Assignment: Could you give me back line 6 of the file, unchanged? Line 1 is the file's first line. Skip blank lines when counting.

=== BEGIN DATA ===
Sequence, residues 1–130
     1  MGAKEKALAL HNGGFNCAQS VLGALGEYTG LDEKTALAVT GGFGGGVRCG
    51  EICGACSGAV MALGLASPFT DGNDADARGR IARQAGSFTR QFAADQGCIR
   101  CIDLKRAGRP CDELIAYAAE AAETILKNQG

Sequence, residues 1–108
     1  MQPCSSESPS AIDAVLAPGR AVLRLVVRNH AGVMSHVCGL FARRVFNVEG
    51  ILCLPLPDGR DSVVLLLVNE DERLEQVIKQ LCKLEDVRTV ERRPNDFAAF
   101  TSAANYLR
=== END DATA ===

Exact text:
     1  MQPCSSESPS AIDAVLAPGR AVLRLVVRNH AGVMSHVCGL FARRVFNVEG